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Swiss security weakened by global shifts

A bomb at the Swiss mission in Rome was in retaliation for the arrest of anarchists in Switzerland Keystone

Extremists and economic espionage were among the greatest threats to Switzerland’s security in the last year, but global shifts are set to impact more in the future.

The Federal Intelligence Service outlined the major issues of 2010 at a briefing on Monday. Terrorism wasn’t among the concerns, but the Service’s freshly printed report on recent activities was nevertheless overtaken by events.

The killing of al-Qaeda leader Osama bin Laden by United States forces on Sunday has forced a rethink on future terrorist threats.

Probed on the significance of bin Laden’s death, Defence Minister Ueli Maurer told journalists that there was a risk it would incite reprisals against American targets. He said it would not impact on Swiss security in the immediate future, but the danger of a terrorist attack on Switzerland would increase over time and would require a closer look at the issue. 

Markus Seiler, head of the Intelligence Service, elaborated to that while bin Laden had been the figurehead of al-Qaeda, in reality this represented “a small hardcore group that was no longer capable of influencing terrorist actions of regional al-Qaeda organisations, for example in North Africa or in the Arabian peninsula”.  

Intelligence chiefs will now be looking at how al-Qaeda reacts to the death and who becomes bin Laden’s successor.

Extremists on home soil

Among the more direct threats to Switzerland in 2010 were attacks by left and rightwing extremists at home.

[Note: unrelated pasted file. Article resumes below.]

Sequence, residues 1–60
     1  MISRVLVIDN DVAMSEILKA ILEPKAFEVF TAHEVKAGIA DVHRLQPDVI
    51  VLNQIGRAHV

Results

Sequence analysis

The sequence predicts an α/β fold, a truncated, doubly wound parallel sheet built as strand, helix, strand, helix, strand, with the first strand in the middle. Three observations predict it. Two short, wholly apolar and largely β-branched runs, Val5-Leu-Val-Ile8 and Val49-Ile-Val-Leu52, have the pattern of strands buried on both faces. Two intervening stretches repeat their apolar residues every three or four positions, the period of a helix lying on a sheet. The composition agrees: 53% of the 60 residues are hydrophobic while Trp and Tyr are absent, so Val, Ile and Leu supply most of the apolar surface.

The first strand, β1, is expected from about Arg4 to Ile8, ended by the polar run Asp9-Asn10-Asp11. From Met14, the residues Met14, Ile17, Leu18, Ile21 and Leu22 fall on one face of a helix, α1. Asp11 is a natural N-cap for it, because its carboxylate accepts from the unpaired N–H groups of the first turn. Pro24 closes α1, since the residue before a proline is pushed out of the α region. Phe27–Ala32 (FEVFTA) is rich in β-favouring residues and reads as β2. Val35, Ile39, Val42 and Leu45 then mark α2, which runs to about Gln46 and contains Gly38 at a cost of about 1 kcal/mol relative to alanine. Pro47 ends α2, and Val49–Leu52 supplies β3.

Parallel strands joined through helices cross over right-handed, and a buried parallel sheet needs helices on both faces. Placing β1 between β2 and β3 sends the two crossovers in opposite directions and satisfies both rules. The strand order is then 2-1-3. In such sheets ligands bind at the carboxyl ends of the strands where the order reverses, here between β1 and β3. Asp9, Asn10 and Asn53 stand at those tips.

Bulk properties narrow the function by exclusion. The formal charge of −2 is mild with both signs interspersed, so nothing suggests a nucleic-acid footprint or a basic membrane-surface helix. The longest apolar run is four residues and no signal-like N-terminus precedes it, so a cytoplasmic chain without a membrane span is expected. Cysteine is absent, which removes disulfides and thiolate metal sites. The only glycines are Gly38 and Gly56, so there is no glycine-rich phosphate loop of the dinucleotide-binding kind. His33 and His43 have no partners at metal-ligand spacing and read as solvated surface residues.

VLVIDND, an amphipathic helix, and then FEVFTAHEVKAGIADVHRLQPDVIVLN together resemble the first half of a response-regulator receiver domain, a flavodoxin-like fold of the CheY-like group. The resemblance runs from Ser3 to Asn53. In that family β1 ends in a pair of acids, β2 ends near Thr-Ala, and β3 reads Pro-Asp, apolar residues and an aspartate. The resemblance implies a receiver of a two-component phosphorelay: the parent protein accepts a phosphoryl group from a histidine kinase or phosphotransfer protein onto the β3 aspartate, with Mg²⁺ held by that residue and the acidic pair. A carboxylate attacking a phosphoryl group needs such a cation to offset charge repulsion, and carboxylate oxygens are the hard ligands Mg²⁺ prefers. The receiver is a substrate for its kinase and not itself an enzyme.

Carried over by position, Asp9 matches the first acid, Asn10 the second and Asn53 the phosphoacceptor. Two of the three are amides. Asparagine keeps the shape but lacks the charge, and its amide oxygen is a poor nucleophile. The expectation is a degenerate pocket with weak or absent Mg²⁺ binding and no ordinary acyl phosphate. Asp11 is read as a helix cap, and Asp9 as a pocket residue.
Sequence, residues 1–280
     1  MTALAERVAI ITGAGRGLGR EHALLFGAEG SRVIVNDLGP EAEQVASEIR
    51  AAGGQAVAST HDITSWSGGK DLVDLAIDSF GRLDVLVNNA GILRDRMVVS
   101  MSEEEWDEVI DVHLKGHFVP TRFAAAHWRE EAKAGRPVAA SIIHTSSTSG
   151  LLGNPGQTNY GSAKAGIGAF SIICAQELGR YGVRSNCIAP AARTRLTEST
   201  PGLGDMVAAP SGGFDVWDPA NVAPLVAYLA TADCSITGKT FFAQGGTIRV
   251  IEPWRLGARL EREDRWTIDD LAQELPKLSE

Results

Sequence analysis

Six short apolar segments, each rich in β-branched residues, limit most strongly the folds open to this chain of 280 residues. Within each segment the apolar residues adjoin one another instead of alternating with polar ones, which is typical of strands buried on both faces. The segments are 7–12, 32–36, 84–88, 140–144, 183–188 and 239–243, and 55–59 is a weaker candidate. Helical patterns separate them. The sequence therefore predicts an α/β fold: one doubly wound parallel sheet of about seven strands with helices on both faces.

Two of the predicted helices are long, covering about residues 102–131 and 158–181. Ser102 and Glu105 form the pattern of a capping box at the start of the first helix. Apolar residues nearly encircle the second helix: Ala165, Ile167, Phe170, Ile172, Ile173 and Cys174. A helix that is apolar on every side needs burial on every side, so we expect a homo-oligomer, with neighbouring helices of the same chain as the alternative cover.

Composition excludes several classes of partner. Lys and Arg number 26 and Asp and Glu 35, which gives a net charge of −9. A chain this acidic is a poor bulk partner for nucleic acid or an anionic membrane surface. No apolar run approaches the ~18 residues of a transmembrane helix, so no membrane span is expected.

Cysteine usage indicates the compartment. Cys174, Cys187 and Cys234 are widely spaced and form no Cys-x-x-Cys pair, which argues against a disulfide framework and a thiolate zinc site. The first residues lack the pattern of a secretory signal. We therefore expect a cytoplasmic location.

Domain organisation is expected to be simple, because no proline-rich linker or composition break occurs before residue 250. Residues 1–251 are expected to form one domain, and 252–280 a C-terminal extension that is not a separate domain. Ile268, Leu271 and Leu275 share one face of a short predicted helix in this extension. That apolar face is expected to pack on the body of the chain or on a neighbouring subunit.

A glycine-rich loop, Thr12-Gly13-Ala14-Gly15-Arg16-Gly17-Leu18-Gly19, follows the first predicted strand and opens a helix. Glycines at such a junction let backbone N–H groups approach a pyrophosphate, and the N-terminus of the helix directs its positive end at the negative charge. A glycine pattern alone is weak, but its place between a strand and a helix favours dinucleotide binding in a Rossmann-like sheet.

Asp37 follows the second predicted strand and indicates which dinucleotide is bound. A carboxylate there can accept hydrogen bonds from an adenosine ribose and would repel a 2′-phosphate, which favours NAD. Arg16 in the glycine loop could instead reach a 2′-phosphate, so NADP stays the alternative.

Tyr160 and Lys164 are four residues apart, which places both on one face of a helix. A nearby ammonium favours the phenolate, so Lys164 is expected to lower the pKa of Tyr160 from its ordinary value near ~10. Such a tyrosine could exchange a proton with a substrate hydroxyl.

“Violent extremism in Switzerland leads to local security problems and threatens public order,” stated the report.

Switzerland has around 2,000 extremists, of which half are thought to be violent.

There were 245 leftwing and anarchic extremist incidents in 2010 (compared with 220 in 2009), of which 109 involved violence. The rise was mostly tied to the rightwing Swiss People’s Party-led referendum on expelling foreign criminals, as well as action by those wanting political prisoners freed from Swiss prisons. 

In one case, Switzerland’s arrest of three extremists who allegedly planned an attack on the IBM research lab in Rüschlikon in canton Zurich resulted in suspect packages being sent to various embassies including the Swiss mission in Rome where a staff member was injured. 

The same group of anarchists has also claimed responsibility for a letter bomb sent last month to someone in the office of the Swiss nuclear power lobby organisation.

Rightwing incidents meanwhile fell from 85 to 55 incidents in 2010, with 13 involving violence.

Dangers on the horizon

Looking ahead, cyber terrorism could become a “potential danger”. Globally, attacks on computer systems running essential services are expected to multiply and this could also affect Switzerland, the reports says. A group of experts has been created by the government to come up with a counter strategy. 

Regional conflicts, such as those in North Africa could also impact on arms proliferation and terrorism.

“It’s clear that the situation could have various effects on Europe and Switzerland, such as migratory pressure and crime. At the same time we need to keep an eye on the terrorist situation because in these countries there is a weakening in the security system and that can have an effect on terrorist organisations,” Seiler told